Open Access

Prophylactic placement of a covered nitinol stent to prevent carotid blowout in a patient with supraclavicular lymph node metastasis from esophageal cancer

  • Takeshi Fujita1Email author,
  • Katsuyoshi Ito2,
  • Masahiro Tanabe3 and
  • Naofumi Matsunaga3
SpringerPlus20154:448

https://doi.org/10.1186/s40064-015-1243-9

Received: 15 June 2015

Accepted: 13 August 2015

Published: 25 August 2015

Abstract

Enlargement of primary tumor and metastatic lymph nodes in patients with head and neck cancer can be progressive and invade the surrounding vessels despite intensive treatment. Carotid blowout (CBS) tends to occur in these patients, and prompt treatment is required. Surgical management of carotid blowout is technically troublesome because exploration and repair of the previously irradiated or tumor-invaded field are difficult. Endovascular therapy with stent deployment is a good alternative to surgery. Even with such interventional procedures as stent grafting, it is sometimes difficult to obtain favorable outcomes in end-stage patients with poor general conditions. The prophylactic placement of a covered nitinol stent was performed to prevent carotid blowout in a patient with supraclavicular lymph node metastasis from esophageal cancer, and fatal bleeding due to carotid blowout was avoided. The usefulness of the prophylactic placement of a covered nitinol stent for preventing carotid blowout in an end-stage patient is presented.

Keywords

ProphylacticCovered nitinol stentCarotid blowoutLymph node metastasis

Background

Patients with esophageal cancer have a poor prognosis because they often have no symptoms until their disease is advanced (Schweigert et al. 2013). In most patients with advanced cancer, mediastinal, supraclavicular, and intra-abdominal lymph node metastases occur (Schweigert et al. 2013; Schoppmann et al. 2013). Irradiation and systemic chemotherapy are the mainstay for treating these patients (Meng et al. 2013). Despite intensive treatment, progressive enlargement of primary tumor and metastatic lymph nodes can occur. This can result in regional tumor invasion to the surrounding structures, which is frequently associated with airway obstruction, a tracheo-esophageal fistula, or rupture of large arteries (Pennathur et al. 2013).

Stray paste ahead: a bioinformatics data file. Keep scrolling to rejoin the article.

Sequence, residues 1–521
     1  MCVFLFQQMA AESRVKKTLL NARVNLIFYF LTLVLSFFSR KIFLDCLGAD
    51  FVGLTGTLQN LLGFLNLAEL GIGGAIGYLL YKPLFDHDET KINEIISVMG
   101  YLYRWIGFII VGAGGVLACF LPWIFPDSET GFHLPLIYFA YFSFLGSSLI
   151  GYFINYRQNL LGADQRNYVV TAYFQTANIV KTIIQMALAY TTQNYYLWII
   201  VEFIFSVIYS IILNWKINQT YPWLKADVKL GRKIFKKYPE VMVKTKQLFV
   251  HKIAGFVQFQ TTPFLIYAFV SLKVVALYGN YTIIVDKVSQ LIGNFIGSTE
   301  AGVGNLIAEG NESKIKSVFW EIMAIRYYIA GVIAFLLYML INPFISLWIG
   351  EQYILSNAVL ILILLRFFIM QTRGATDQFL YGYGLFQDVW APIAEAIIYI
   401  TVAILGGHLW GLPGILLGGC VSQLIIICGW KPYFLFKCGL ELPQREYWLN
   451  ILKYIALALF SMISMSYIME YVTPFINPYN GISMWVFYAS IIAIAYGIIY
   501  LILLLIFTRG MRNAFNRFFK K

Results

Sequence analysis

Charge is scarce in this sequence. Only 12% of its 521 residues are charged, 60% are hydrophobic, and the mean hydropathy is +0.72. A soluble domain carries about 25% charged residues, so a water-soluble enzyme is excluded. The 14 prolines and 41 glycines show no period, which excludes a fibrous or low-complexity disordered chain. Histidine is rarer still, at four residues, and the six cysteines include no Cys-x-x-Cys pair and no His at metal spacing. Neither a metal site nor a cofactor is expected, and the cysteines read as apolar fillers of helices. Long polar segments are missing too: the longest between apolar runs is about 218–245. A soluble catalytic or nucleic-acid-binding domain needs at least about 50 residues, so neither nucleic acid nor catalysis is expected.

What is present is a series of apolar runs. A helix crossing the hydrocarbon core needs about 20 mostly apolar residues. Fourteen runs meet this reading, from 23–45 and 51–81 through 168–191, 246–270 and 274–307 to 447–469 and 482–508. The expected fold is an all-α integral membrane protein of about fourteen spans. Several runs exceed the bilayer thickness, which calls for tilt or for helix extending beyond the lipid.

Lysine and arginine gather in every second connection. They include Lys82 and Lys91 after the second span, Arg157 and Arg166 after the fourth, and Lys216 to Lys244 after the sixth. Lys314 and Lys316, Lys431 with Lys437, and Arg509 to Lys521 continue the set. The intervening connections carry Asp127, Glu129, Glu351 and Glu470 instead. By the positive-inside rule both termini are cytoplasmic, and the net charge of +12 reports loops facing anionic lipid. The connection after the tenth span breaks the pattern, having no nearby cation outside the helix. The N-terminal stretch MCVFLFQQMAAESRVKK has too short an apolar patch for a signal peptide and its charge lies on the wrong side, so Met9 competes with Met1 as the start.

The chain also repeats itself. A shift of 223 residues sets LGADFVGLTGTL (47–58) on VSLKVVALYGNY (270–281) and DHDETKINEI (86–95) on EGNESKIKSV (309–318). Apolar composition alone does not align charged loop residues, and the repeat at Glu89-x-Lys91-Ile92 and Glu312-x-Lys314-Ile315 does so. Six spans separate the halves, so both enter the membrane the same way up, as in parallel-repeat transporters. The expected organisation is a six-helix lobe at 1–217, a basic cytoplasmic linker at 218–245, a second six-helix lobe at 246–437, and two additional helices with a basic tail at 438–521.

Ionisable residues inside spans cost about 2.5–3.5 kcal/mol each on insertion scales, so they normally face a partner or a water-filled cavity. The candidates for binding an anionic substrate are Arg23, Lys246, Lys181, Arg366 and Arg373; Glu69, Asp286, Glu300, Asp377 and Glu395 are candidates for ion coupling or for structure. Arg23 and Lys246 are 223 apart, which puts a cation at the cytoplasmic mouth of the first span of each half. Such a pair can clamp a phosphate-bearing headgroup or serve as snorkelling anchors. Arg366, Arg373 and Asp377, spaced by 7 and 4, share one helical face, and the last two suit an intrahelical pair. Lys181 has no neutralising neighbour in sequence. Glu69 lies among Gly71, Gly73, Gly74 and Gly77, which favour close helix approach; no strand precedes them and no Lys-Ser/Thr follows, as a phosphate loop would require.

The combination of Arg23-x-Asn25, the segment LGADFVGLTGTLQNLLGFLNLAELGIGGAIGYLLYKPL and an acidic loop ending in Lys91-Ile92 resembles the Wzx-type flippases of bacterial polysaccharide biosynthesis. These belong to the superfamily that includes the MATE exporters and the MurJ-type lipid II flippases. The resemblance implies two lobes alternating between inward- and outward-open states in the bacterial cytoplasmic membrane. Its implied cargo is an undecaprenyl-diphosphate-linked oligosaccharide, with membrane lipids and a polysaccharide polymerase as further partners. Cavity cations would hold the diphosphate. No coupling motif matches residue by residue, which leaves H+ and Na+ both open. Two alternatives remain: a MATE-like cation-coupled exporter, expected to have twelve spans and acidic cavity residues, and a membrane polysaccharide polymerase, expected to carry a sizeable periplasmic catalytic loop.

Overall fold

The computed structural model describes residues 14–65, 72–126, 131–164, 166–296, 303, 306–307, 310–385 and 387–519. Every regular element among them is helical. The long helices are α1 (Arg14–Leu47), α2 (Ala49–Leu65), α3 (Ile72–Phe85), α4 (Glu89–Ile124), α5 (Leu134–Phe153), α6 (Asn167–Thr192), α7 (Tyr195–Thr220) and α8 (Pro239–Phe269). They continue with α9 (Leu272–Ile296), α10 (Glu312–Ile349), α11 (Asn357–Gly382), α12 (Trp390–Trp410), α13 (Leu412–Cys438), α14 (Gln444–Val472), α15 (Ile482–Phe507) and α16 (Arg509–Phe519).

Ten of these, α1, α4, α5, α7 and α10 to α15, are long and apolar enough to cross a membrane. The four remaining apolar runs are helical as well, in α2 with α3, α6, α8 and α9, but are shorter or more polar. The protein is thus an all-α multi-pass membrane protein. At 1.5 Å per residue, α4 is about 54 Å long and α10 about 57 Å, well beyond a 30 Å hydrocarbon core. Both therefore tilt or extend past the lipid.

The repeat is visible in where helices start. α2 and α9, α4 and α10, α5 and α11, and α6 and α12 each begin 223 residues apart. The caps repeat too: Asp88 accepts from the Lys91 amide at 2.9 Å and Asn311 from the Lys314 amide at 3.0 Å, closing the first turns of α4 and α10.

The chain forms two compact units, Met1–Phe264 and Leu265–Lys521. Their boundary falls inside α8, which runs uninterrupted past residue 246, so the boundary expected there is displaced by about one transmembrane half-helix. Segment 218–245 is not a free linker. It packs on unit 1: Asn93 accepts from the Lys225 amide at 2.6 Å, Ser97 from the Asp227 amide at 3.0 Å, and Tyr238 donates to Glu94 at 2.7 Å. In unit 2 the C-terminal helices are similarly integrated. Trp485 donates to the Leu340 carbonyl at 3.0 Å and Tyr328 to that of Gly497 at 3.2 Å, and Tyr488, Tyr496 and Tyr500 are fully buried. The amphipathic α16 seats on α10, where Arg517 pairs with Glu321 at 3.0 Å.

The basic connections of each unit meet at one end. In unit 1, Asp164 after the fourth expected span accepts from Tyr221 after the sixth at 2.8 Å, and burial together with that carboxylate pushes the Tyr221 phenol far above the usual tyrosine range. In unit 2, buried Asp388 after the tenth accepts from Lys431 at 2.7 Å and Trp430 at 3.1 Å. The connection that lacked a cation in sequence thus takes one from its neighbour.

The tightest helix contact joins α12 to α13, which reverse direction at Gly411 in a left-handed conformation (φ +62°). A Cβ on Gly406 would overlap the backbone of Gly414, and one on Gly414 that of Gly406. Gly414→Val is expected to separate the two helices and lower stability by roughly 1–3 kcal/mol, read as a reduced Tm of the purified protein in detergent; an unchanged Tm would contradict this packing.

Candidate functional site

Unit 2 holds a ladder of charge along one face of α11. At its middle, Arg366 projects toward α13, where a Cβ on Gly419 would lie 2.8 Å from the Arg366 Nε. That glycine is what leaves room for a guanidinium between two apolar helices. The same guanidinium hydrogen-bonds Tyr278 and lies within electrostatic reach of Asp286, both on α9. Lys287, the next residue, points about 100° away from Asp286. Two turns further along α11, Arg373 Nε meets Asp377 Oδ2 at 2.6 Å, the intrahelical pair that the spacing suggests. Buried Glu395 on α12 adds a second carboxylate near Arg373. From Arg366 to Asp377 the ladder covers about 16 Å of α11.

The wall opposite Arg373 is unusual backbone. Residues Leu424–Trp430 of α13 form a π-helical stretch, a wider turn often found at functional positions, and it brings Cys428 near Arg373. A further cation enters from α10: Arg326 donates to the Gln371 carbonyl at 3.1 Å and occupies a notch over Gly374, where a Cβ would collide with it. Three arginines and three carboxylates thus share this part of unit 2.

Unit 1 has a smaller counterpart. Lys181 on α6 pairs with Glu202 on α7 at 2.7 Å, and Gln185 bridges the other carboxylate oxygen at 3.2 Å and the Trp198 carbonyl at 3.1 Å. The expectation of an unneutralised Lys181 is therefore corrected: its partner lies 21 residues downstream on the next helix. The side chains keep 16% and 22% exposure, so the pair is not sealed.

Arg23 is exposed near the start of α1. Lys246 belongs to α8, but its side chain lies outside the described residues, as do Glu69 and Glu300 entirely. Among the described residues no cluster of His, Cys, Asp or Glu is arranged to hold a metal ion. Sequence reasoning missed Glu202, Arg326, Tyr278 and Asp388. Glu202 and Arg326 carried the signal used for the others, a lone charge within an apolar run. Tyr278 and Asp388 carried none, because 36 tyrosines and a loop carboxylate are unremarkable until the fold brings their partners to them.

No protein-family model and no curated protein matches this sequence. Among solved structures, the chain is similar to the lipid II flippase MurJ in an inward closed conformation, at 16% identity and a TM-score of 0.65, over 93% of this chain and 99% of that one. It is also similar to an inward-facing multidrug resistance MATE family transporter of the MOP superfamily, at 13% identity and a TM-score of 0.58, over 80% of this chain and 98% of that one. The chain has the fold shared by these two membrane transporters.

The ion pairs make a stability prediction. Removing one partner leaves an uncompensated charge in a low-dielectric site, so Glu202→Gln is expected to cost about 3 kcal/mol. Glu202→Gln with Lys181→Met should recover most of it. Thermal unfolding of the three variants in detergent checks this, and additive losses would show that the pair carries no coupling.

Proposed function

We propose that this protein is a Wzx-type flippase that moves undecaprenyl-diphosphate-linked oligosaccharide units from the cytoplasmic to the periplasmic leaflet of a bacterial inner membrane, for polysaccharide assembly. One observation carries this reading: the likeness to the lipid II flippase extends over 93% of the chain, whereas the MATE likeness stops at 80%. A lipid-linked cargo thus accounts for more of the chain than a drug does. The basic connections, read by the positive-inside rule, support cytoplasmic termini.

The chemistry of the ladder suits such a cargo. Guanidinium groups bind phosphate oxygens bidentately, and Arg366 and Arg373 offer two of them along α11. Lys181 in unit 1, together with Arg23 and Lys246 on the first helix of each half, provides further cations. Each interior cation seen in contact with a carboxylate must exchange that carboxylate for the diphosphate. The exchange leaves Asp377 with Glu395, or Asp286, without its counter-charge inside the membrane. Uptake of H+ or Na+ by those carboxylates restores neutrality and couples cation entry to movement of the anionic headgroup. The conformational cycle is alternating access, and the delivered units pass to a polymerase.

The mortality and morbidity rates associated with carotid rupture are reported to be unacceptably high (Chaloupka et al. 1999). The treatment is usually surgical exploration with ligation of the involved vessel; however, infections, radiation-induced necrosis, and prior surgical exploration make the surgical approach technically difficult (Katras et al. 1999).

Interventional procedures, including percutaneous stent placement or coil embolization, provide a better alternative to surgery, accompanied by less patient morbidity and suffering (Pyun et al. 2007; Chang et al. 2007).

Prophylactic placement of a covered nitinol stent to prevent carotid rupture in a patient in whom the metastatic lymph node invaded directly to the surrounding common carotid artery is reported.

Case presentation

A 62-year-old man, who had known T3, N4, M0, Stage IVa squamous cell carcinoma of the middle esophagus, presented with dysphagia and was admitted to our institute. Regional radiotherapy extending from the supraclavicular fossa to the pericardial area, including the entire mediastinum, was planned. A total dose of 50.4 Gy of radiation therapy was delivered and systemic chemotherapy consisting of low-dose cisplatin and 5FU was concurrently performed. Eight months after the initial treatment, right supraclavicular lymph node enlargement was seen on follow-up computed tomography (CT). Although 20 Gy of additional irradiation were given to the right supraclavicular fossa, the metastatic lymph node enlarged and invaded the surrounding soft tissue. Left common carotid artery was confirmed to be intact on contrast enhanced CT.

Inspection of the neck confirmed the presence of a large mass in the right supraclavicular region with carotid sheath invasion. Necrotic skin caused by the irradiation was also observed within the tumor. As a result, direct pulsation of the common carotid artery was visualized in the cutaneous pocket on gross examination (Fig. 1).